As mentioned before the first 10 yards is the most important part of any distance in sprinting. As a reminder it is because it is the easiest to decrease time and it is the powerful and explosive part of the sprint. It is important to know how big of a first step is needed to start the sprint. To figure this out, sit on the line with your feet facing outward. With your back straight and perpendicular to the start line. Place a mark were you knees are. This is a simple way to figure out your first step. As you start your sprint you want to take a deep breath and explode out of your stance. As you run you can start to exhale slowly. Keeping your head down and running through the 10 yards keeping a nice forward body lean and keeping the head down. Remember to keep the arms moving as well, nice controlled but fast. Remember your technique for the arm swing is opposite arm and opposite leg. A lot of questions arise on the topic of how many steps should I take to run a good 10 yard time. You want to be in the range of 5-8 steps. This is dependent on height, stride length and stride frequency. These techniques above will help you start better, more explosive and a faster time.

Drills For Decreasing Your Time

Stride frequency

  1. Ladder speed runs- hit every square as fast as possible
  2. Ladder striders- hit every other square
  3. Hurdle runs- place hurdles from your proper stride length and set them up down the track in slightly spread out each time. Run through them from your start

Acceleration techniques

  1. Fall to sprint-put both feet together, get on your tippy toes fall down and then go into a sprint
  2. Flying 20’s- jog the first ten yards and then go into a sprint for 20 yards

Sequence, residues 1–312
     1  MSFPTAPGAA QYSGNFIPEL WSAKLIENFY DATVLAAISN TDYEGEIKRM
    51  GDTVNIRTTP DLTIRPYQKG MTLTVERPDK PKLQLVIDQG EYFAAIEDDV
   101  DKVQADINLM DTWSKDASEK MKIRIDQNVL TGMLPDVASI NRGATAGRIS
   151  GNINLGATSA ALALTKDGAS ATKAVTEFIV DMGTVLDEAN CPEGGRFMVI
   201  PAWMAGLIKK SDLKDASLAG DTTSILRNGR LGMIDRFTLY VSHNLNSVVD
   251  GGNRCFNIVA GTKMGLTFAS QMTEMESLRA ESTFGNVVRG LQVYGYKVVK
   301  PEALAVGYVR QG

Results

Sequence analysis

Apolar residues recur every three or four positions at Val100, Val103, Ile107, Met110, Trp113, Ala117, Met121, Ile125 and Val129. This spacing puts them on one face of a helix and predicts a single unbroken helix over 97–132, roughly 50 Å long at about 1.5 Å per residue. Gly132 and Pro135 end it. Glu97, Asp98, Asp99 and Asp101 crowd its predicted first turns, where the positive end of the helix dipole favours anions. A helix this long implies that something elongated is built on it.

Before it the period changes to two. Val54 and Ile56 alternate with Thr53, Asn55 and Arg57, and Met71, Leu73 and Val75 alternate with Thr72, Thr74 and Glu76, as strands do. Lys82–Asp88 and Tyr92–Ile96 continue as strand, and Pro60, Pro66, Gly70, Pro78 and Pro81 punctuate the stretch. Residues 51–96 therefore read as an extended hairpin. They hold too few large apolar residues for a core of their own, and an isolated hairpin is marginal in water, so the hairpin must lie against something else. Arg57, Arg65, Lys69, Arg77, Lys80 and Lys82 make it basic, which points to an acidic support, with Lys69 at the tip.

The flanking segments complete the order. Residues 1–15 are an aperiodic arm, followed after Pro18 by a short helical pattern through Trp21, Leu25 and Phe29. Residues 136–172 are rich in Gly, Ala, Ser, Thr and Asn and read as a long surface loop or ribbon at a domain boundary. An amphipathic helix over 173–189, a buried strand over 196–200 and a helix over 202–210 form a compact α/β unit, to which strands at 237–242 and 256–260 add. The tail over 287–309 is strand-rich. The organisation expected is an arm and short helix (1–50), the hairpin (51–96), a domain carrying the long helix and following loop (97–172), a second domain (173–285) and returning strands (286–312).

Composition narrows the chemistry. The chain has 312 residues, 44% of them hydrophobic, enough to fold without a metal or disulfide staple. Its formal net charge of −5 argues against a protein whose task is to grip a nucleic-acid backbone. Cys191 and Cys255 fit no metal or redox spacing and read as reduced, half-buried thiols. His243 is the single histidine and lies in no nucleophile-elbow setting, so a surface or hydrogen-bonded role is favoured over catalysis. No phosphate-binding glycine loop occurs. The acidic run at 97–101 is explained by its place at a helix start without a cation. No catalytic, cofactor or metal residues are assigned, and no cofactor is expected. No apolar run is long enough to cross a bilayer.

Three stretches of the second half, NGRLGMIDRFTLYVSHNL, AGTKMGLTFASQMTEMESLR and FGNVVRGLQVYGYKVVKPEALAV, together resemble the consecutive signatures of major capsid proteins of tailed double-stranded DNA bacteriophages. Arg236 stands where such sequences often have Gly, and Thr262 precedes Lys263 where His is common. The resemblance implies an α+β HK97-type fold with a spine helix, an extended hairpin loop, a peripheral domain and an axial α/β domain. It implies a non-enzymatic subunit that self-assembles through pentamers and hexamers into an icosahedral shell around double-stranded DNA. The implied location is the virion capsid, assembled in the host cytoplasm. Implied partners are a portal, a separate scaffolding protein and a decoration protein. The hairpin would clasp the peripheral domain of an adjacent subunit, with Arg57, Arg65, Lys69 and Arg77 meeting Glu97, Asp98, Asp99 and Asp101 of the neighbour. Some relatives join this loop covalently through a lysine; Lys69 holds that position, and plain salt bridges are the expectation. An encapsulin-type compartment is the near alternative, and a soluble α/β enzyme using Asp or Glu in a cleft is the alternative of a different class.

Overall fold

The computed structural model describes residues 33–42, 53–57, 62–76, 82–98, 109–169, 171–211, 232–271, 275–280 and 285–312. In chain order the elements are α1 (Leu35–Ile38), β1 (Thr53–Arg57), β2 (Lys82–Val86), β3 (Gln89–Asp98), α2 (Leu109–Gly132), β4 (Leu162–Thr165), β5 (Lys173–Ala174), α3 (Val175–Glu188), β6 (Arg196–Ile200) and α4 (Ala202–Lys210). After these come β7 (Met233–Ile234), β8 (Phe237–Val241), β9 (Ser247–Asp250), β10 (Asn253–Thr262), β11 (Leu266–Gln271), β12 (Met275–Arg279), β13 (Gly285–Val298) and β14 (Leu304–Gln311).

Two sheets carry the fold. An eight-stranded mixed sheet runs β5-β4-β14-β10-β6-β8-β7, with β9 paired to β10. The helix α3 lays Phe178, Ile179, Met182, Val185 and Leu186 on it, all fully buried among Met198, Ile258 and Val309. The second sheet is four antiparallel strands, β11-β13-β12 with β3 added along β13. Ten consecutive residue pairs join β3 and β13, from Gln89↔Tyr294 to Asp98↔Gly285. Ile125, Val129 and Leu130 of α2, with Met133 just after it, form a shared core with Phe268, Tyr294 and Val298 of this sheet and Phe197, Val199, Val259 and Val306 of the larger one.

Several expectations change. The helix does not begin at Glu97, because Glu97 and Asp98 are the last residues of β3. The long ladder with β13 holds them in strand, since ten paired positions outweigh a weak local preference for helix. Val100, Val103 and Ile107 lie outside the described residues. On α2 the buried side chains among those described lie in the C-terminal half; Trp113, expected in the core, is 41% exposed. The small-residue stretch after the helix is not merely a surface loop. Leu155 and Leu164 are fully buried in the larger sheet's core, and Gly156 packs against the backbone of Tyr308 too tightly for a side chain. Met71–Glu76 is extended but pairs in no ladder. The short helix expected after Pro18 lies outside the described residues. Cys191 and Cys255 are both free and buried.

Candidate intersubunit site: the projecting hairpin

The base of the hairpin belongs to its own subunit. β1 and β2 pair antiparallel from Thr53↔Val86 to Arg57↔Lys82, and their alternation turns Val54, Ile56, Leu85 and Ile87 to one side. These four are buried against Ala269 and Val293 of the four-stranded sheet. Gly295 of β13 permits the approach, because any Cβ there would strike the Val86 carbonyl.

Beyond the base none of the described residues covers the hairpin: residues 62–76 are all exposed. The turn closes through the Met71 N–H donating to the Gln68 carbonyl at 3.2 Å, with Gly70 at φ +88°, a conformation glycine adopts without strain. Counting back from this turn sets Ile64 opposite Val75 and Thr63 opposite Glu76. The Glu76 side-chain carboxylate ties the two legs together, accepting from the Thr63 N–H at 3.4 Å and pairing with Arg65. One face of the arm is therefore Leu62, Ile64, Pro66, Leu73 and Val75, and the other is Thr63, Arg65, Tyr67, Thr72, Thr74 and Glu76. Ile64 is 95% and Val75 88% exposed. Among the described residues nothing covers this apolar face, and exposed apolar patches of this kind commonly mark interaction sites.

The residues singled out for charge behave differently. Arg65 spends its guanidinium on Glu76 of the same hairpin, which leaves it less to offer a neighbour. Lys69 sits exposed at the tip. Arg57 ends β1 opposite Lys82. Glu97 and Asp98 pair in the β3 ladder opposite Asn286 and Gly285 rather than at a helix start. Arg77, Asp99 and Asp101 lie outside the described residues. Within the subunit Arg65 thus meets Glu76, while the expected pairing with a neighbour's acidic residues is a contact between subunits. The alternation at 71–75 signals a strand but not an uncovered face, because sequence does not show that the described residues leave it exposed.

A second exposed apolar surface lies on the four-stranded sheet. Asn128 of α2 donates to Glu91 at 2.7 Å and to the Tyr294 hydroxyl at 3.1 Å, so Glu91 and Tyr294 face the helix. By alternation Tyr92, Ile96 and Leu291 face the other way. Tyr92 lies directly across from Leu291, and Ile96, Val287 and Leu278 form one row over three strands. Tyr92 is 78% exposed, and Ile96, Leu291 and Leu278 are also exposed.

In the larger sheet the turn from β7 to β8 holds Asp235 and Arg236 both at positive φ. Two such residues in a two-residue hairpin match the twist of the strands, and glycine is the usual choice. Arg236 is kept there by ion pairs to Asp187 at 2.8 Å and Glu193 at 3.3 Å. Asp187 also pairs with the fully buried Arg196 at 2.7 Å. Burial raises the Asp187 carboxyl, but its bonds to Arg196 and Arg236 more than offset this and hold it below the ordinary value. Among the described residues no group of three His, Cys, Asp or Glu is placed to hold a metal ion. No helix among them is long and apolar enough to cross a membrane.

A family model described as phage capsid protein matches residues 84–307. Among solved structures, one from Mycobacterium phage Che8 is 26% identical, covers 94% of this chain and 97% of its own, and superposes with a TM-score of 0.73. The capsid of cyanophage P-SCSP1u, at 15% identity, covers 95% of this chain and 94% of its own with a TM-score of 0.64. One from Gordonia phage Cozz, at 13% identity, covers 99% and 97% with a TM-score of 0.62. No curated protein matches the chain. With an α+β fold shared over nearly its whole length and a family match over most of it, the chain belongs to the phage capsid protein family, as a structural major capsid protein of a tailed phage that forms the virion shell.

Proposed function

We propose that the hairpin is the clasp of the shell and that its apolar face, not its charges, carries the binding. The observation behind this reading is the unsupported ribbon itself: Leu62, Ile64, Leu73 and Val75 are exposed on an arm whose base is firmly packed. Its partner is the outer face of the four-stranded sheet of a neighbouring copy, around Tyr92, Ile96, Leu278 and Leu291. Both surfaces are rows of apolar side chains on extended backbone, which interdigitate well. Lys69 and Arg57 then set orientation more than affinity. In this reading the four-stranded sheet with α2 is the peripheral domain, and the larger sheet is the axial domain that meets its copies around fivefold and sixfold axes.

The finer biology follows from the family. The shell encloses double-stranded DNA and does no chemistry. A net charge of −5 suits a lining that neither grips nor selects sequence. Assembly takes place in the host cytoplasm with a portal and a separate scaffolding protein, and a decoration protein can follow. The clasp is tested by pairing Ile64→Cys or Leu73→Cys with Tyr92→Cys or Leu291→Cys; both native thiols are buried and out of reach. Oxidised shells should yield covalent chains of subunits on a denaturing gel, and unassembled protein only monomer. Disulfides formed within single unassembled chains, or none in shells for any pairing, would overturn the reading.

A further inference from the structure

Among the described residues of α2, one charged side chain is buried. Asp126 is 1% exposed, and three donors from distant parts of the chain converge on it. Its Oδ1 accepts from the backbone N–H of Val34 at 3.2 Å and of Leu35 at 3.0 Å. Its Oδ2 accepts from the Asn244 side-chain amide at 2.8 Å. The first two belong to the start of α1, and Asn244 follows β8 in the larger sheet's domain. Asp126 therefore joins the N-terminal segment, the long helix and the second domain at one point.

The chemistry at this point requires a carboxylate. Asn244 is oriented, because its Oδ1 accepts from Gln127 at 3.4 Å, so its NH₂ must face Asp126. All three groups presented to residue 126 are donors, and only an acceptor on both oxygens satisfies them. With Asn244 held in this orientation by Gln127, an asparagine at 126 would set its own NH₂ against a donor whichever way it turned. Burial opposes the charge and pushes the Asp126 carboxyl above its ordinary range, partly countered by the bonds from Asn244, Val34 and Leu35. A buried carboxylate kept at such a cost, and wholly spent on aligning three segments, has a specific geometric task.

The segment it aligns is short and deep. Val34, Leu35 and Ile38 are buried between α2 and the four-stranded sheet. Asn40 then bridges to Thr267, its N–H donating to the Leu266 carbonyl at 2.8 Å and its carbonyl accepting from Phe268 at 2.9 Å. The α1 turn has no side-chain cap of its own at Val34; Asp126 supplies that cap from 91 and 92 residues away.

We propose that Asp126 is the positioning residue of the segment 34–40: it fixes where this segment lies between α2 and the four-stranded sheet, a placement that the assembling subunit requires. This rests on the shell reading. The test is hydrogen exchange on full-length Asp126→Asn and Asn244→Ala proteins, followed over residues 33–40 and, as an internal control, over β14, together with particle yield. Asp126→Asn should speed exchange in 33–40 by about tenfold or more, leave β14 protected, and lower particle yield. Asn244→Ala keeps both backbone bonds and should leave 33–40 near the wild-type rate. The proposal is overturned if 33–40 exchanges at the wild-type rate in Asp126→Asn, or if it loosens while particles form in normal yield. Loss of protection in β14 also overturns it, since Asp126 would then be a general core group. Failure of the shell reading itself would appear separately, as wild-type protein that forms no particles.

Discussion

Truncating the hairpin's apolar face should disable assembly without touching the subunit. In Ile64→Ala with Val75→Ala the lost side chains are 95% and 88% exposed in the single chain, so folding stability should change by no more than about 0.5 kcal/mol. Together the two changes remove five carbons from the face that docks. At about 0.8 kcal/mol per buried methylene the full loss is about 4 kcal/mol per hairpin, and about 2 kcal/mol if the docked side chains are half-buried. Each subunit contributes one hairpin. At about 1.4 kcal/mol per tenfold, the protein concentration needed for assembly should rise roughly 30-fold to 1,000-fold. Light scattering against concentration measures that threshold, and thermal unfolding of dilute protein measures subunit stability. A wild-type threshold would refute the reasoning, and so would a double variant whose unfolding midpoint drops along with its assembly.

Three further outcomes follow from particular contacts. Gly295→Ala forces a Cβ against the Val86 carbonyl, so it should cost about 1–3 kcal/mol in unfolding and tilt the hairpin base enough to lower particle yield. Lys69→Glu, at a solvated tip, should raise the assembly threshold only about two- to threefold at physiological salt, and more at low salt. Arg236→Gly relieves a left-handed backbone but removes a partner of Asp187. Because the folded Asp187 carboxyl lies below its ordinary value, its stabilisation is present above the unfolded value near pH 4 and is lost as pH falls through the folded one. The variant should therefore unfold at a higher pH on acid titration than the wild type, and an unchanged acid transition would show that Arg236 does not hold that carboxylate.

3. Push up to sprint- lie down and push yourself up to sprint
  4. Single leg take offs- get in a good stance and then lift your back leg off the ground slightly. Lean forward and sprint. This emphasizes your push off.

Resisted sprints

  1. Resisted partner sprints with cords- attached to cords sprint out as getting resisted by a partner
  2. Sled pulls- attached t o a sled go from the start and sprint your ten yards
  3. And running
  4. Parachute sprints
  5. Stairs
  6. Treadmill or hill sprinting

Over speed training

  1. 1. Overspeed cord pulls- with a partner and a single cord spread over a distance. Pull your partner down the track. This is great because it helps with increasing your stride frequency
  2. Wind sprints with the wind
  3. Decline sprinting

The second installment of the article will cover the 3 point stance and how to run an affective combine. Also to be covered will be the other combine drills. These drills are the pro agility shuttle, vertical jump and some other notes on how to run the 40 yard dash.

There are many different exercises for sprinting. These are just a few. Remember to always properly warm up prior to sprinting. This includes a dynamic stretch and also warm up sprints. Remember to consult a physician prior to exercise. If you need any more information contact me via email at llmb@prodigy.net or at 773-610 - FAST

About Coach Brad:

Brad Leshinske BS, CSCS owns and operates a sports performance facility in Chicago. Athletic Edge Sports Performance trains athletes from all sports. His specialty is speed performance, jump training and strength and conditioning. This year The Edge has seen athletes compete in the junior all American combine posting top honors for his athletes in the shuttle and top 5 in vertical. He has also has athletes on the all combine Chicago team for running a 4.5 laser 40. He trains many division one volleyball players and college football players who play at Notre Dame, Cornell, Western Illinois and a host of other colleges. They take pride in preventing injuries while achieving greater speed, agility, increased vertical and increasing their strength.

Athletic Edge Spors Performance, inc.
2700 w 91st Evergreen Park, Il 60805
llmb@prodigy.net
www.athleticedgesports.net


Submitted by DMorgan on Wed, 03/25/2009 - 9:06pm.